February 2020 cover woman Virginia Cumberbatch has followed her passion to pour into other underrepresented womxn’s passions.
The last time Virginia Cumberbatch was in this position, she expressed her passion for the fight for social justice and explained her plan to do something about it. She spoke on her belief in “the art of neighboring” and how sheer perseverance and faith were able to push and guide her throughout her journey. Three years later, her fire is still very much ignited, persisting through the nearly two and a half year–long pandemic.
In 2018, Cumberbatch co-founded Rosa Rebellion with Meagan Harding. The organization’s sole purpose is to invite women of color to design and produce through different creative forums and give them the means to do so.
“Our vision was to create a space where we could intentionally invest in and support what we have coined ‘creative activism,’” Cumberbatch explains. “This is the work of disrupting systems that weren’t built for us and doing that using storytelling and art as a medium for disruption.”
With this vision in mind, Rosa Rebellion will soon offer their second year of Compose, a writing retreat for women of color to surround each other with support and feel heard through expression in their creative projects. In 2022, Rosa Rebellion founded The Rebel Fund, a separate nonprofit whose purpose is to provide financial support to creative projects. But the creative world is not where Cumberbatch would like her work to end. A born-and-bred Austinite, she has observed the issues people of color face in the city.
There’s the quote from Shirley Chisholm, ‘If they don’t give you a seat at the table, bring your own folding chair.’ I think we’ve decided we’re just going to build our own table. I look at Rosa Rebellion; I look at work my friends do in the creative space; I look at different businesses and the fact that they weren’t going to rely on the political system to hear their voices; they were going to create their own space to do that.Virginia Cumberbatch
Photo by Riley Blanks Reed
“I really wanted to support these larger conversations. And I think my work in Austin over the last decade has equipped me to do that,” Cumberbatch says. “At large, that is my challenge to both cities and individual entities. Will we be sustained participants in this liberative work of equity?”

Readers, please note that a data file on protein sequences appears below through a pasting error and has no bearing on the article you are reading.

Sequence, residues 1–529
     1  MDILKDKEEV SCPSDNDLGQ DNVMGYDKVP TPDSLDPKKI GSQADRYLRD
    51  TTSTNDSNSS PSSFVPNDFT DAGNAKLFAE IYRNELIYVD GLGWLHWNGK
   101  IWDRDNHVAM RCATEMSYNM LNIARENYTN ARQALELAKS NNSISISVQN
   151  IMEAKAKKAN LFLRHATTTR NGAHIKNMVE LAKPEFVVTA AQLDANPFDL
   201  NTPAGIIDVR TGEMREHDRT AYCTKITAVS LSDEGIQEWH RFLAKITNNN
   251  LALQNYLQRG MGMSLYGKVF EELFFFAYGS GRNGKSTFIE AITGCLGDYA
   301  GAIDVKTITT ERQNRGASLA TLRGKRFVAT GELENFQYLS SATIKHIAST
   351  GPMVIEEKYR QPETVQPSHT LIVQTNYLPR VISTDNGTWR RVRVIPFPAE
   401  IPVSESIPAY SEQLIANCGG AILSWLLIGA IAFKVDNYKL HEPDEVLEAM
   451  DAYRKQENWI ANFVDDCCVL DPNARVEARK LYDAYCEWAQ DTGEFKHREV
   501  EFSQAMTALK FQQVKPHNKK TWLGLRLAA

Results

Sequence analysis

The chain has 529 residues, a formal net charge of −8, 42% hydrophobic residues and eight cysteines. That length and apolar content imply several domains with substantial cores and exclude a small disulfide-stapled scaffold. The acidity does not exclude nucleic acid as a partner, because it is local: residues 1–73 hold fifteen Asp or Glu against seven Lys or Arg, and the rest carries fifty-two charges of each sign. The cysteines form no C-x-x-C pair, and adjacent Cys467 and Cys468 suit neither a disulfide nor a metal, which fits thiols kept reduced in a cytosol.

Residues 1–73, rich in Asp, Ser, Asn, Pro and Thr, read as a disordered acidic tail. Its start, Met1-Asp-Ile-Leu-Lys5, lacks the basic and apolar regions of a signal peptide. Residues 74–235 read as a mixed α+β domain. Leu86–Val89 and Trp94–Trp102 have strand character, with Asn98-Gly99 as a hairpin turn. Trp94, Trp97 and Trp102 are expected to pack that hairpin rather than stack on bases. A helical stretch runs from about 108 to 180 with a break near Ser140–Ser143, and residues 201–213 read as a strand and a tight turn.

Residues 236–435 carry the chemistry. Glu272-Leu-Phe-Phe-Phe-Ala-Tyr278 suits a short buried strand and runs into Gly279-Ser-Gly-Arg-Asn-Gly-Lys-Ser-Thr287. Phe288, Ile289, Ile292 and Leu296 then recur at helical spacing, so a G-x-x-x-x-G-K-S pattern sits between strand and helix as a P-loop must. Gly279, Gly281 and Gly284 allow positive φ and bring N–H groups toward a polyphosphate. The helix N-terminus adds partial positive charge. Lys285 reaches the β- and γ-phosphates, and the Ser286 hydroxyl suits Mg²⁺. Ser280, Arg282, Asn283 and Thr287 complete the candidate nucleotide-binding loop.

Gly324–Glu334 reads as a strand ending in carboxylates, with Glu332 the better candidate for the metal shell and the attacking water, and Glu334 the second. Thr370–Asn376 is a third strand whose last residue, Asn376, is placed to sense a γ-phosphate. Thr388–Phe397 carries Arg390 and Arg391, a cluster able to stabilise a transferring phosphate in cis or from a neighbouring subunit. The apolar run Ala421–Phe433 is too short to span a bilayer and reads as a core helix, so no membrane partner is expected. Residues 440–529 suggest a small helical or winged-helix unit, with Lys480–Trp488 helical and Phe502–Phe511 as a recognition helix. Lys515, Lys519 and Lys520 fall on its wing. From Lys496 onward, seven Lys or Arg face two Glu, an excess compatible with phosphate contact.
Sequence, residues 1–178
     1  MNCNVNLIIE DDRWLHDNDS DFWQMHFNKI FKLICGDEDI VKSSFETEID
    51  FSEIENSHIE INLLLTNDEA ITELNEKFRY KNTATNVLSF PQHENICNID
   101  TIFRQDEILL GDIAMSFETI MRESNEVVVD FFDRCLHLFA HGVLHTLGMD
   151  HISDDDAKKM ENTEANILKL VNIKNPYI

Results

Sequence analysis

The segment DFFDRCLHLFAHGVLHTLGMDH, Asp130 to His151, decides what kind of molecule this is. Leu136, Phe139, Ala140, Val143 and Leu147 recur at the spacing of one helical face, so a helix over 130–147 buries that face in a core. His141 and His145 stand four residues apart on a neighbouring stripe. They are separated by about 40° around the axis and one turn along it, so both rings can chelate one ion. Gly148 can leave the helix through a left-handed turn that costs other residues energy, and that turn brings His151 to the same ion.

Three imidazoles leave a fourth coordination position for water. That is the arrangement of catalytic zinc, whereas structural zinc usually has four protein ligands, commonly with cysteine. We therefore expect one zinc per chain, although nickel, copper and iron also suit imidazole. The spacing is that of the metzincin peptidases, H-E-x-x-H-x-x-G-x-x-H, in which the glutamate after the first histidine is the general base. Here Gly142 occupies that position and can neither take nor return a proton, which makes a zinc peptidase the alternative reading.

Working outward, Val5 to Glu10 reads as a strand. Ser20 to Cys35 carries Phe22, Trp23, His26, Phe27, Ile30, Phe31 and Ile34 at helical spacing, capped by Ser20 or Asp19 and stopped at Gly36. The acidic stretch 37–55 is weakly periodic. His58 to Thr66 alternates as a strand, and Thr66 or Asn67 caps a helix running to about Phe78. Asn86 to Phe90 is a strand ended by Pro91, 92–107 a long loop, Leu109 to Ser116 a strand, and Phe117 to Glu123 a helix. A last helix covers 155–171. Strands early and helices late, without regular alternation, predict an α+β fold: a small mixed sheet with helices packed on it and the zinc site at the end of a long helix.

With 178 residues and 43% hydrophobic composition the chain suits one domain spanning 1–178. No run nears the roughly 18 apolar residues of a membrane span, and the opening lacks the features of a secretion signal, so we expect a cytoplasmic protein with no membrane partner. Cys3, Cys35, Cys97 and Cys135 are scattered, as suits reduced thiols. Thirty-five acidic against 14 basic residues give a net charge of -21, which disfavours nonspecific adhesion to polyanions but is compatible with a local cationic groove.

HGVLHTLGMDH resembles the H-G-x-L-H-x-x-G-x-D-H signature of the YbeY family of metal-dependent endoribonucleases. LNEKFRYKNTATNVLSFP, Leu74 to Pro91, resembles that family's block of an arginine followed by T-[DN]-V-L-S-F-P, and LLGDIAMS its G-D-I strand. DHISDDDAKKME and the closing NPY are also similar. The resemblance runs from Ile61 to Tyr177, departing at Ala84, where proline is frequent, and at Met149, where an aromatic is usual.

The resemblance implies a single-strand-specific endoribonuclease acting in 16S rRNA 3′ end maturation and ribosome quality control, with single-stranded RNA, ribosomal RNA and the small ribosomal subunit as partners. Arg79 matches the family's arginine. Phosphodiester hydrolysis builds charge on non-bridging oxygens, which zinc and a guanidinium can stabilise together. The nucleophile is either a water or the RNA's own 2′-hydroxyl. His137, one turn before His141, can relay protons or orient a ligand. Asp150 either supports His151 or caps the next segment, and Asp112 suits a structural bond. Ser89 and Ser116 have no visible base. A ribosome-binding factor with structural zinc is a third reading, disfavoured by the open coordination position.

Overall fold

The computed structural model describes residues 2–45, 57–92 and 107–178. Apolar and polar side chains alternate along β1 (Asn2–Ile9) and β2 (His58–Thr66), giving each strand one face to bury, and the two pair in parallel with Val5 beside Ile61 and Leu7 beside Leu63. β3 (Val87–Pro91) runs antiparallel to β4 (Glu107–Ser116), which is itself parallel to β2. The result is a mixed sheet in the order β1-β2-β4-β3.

For Cumberbatch, one drastic change over the last three years has been the willingness for people of color to stand up and take action to create their own spaces.
“There was a dynamic of relying on cultural institutions to see us and to hear us and include us. We were exhausted by the practice of having to ask and are now building it ourselves.”
With this exhaustion now transformed into a powerful force, Cumberbatch sees how people of color have truly taken their voices not back, but to places they have created themselves.
“There’s the quote from Shirley Chisholm, ‘If they don’t give you a seat at the table, bring your own folding chair,’” Cumberbatch says. “I think we’ve decided we’re just going to build our own table. I look at Rosa Rebellion. At work my friends do in the creative space. I look at different businesses and the fact that they weren’t going to rely on the political system to hear their voices. They were going to create their own space to do that.”
Cumberbatch has previously spoken about her faith, which she is still rooted in. In her walk with Christ, she considers her work to be a labor of love for her community.
“It’s a radical act to love thy neighbor,” she insists. “It’s a radical act to love your parents or your siblings. Even moreso, it must be a radical act to love strangers, to be patient with strangers, to forgive strangers. One of the ways love can be defined is through justice.”
Back in 2020, Cumberbatch spoke about what it truly means to be a good neighbor. Growing up in the only Black family in her neighborhood, she knew it was important for her to live around others she could connect with. With Austin being a place where many people move for job opportunities or a love for the city, Cumberbatch stresses the importance of being a good neighbor to those in the present and those who may have lived here in the past.
“There’s a way we can move in spaces where we honor that space. We can recognize how we enter that community has an impact on people’s sense of belonging. On a macro level, the question is, how are we serving one another in this city?”
Throughout her experience in Rosa Rebellion and around Austin over the past three years, Cumberbatch still holds these values to her core and works toward making more inclusive and caring spaces for herself and her community.
“I use the idea of ‘shalom,’ a Hebrew word for peace and wholeness. We each seek out what our role is to bring about shalom in whatever community or space that we occupy.”